Which brings me to my next point. Before I even got started with my own race series here in Colorado, I started a spreadsheet. On this spreadsheet I have every single ultra in the state of Colorado. I then went back in history for the last 10 years (2004-2014) and plugged in the number of finishers for each race over that time span. I even separated races on my spreadsheet by who owns that race, and list all the other races in their series. (See example below). While the number of finishers for a given year could be indicative of conditions on race day more so than the number of entrants, it does still give a good snapshot on the trends in the area. Doing this snapshot allows me to see who is succeeding, how long it took them, then I can take an even closer look to see what they're doing to succeed..


Lastly.. I want to talk about Prize money as a mode of advertising. If you are offering prize money at your race... you are ONLY advertising to the few people who come to your race and have a chance at getting it. So if Anton shows up.. you just spent $1000 on having Anton come up.. and likely a comp entry. Sure.. if Anton run's your race, it looks good for your race. If you have Anton, Killian and Karl Meltzer come in the same year and they run against each other... that's fantastic. Certainly it gives you more visibility. But.. does prize money really help you advertise? I think it's good for the Front Runners.. but that's about it. At my races, I give a comp entry to a future race to those who come in DFL. I put a 50lb rock out on the course and challenge someone to carry it to the finish in exchange for $250. The pictures from this stunt went viral on social media. That to us was worth more than shelling out a few grand for fast people. 95% of the field in your race.. doesn't care how much money the 1st-3rd place runners made today. They'd rather you sink that money into better shirts, more company on the course, and immaculate aid stations. Choose where you spend your money wisely!

Lastly, you can make posters and post cards on Vista Print. You can even advertise on a business acrd size piece of cardboard. I spent two days driving to every single running store in the Denver-Boulder Metro area to drop a stack of these off. It's time consuming.. but it has to be done. Ask other races if you can put cards in their race packets. Most will say yes and generally.. this is an old school way in the community. But with Ultra Races becoming more and more about business.. I'm being told NO by other area RD's or not being answered at all. That's right.. I'm being told, "No.. you're competition" or being down right ignored. All because this is business. True.. it's business.. but again.. this used to be a community.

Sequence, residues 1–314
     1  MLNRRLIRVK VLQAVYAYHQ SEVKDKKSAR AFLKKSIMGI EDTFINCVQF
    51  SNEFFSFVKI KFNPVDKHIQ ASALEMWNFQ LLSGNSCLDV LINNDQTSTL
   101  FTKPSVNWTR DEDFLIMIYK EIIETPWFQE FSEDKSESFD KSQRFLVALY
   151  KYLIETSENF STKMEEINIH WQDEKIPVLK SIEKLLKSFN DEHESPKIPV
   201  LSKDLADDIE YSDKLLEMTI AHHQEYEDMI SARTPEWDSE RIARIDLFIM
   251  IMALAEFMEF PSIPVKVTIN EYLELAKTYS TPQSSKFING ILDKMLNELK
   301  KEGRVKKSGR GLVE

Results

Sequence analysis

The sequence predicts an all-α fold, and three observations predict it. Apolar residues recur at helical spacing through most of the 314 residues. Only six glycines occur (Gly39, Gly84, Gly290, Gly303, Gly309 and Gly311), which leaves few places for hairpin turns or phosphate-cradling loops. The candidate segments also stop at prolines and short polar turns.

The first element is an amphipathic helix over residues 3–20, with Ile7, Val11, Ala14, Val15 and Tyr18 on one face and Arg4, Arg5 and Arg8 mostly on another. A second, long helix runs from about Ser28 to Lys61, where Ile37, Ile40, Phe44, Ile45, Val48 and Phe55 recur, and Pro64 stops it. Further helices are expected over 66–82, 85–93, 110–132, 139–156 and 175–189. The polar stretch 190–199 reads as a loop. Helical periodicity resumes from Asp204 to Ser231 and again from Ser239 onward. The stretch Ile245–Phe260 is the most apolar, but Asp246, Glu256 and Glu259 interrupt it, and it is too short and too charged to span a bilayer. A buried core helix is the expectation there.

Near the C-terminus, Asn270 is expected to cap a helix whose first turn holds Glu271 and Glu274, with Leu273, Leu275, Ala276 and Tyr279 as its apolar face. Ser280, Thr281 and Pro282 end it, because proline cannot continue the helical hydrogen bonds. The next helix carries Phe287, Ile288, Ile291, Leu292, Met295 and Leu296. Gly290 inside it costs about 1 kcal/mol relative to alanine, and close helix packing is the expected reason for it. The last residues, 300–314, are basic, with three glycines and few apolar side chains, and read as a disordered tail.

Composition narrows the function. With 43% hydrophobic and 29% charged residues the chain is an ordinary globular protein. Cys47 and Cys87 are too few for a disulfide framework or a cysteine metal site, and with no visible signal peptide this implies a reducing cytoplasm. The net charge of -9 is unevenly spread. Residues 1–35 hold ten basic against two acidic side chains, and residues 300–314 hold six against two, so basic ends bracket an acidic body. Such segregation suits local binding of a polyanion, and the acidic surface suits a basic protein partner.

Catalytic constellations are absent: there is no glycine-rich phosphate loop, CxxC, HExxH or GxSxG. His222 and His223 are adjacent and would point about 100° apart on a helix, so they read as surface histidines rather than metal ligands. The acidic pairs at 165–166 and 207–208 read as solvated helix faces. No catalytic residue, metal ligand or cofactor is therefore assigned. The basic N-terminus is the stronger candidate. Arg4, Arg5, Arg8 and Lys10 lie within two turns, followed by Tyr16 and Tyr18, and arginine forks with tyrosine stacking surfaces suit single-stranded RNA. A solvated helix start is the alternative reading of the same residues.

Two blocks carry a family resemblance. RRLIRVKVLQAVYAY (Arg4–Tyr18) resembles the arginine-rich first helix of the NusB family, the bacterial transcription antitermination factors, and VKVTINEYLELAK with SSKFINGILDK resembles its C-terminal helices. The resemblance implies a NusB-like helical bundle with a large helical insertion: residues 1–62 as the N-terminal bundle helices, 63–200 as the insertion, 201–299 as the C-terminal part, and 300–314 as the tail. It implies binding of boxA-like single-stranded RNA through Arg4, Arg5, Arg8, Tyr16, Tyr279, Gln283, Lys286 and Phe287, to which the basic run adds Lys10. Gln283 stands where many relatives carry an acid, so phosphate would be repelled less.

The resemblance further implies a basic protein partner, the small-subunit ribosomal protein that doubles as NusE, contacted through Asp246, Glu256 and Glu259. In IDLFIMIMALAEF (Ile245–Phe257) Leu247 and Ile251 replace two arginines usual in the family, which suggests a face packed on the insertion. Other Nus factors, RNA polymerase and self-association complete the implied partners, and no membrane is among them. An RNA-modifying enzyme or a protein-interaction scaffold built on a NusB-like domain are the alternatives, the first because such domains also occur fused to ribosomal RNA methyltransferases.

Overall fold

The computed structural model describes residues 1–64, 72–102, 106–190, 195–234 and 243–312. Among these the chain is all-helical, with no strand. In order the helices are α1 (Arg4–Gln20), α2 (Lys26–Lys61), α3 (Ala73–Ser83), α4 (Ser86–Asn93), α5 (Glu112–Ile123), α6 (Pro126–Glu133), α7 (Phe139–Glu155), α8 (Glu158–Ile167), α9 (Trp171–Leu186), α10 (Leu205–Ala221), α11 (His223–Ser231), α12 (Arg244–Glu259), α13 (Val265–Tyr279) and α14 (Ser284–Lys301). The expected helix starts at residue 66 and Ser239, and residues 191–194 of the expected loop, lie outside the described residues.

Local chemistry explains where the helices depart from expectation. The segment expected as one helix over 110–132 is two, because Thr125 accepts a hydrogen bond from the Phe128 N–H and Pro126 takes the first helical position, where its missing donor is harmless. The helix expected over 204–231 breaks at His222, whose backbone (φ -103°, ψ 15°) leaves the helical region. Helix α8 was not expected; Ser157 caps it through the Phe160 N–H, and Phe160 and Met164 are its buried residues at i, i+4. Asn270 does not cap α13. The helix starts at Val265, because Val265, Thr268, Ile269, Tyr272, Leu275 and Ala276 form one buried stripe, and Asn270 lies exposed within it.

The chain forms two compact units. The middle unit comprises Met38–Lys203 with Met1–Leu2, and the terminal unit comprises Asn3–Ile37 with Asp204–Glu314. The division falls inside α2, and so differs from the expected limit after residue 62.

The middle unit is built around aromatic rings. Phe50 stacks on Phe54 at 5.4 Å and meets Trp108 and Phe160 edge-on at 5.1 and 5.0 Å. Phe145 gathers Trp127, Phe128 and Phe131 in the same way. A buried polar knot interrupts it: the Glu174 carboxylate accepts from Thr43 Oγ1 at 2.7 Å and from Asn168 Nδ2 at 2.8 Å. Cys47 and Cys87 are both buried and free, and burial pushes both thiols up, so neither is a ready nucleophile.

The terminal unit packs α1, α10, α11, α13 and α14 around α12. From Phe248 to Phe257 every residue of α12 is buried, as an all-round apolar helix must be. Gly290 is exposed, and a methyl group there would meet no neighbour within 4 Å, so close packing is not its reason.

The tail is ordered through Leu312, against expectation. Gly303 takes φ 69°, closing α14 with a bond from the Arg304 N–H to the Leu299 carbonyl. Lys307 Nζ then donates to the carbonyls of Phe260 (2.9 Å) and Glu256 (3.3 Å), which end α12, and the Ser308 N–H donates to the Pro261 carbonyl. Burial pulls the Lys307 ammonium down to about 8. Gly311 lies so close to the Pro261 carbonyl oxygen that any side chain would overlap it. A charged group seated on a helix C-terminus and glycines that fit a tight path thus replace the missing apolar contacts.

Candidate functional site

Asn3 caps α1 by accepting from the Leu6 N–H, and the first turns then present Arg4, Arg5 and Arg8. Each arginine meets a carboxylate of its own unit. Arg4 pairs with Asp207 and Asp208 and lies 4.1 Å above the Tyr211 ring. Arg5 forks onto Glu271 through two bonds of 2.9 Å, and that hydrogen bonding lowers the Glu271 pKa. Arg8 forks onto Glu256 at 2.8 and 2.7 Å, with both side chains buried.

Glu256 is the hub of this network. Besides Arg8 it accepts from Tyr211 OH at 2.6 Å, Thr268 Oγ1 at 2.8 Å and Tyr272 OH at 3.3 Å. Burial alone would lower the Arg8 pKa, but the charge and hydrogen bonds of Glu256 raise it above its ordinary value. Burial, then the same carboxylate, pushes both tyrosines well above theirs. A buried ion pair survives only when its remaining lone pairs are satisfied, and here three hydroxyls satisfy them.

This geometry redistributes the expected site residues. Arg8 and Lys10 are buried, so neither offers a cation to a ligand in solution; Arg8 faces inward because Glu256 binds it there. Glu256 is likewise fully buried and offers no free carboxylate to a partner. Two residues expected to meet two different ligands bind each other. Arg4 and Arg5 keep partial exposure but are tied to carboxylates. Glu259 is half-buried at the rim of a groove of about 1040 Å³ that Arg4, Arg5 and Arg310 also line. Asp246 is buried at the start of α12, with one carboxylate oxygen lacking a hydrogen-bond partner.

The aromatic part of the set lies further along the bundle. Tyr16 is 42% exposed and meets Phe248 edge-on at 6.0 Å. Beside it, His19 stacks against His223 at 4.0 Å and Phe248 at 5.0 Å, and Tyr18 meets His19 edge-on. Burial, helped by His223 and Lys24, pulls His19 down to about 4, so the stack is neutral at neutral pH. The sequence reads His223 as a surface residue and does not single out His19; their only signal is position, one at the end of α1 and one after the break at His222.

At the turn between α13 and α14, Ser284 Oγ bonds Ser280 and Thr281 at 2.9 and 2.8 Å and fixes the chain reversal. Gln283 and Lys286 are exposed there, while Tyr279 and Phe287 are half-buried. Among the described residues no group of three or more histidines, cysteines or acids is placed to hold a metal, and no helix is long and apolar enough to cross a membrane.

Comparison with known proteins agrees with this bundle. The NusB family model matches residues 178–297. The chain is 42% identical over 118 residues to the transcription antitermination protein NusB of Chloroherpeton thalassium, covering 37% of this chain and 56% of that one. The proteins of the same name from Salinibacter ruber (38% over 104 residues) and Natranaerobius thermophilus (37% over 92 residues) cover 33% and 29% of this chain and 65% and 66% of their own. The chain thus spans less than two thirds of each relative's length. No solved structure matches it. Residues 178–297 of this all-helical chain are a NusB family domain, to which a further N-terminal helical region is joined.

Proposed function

I think I've done a good job discussing a lot of the many aspects of advertising your race in this post. There are a number of things to consider. I truly believe that in this sport, the best way to advertise is to put yourself out there. Not by paying for ads or sinking deep money into flashy stuff.. that has never worked in this sport.. but by putting YOU out there. Being a member of this community, a respectable member, is worth more than any print ad in a magazine. You need credibility above all else, without it, you're done before you really get started. The two races I showed you above, are directed by runners who have been in this sport for a decade or more. Same with Gnar Runners, Collegiate Peaks, Leadville, Hardrock.. they're all run by folks who have been in the sport and have run DOZENS of ultras over the years.. not just a few. Look at Aravaipa. The Coury Brothers have been running ultras for a decade and between the two of them, they have over 100 finishes. With those numbers alone, their advertising is done for them.

So instead of laying down the bills, and trying to sink deep dollars into advertising.. do the real work. Meet the people. Get out there. Be a part of your customer base. Run with them. Build this community, and celebrate all that it is. Together.
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This is Part 7 of a multi-part series focusing on the ins and outs of race directing. You can read the previous three parts by clicking their links below:
Part 1: The Decision
Part 2: Your Course
Part 3: Permits
Part 4: Infrastructure
Part 5: Expenses
Part 6: Insurance, Shirts, Shwag, Volunteers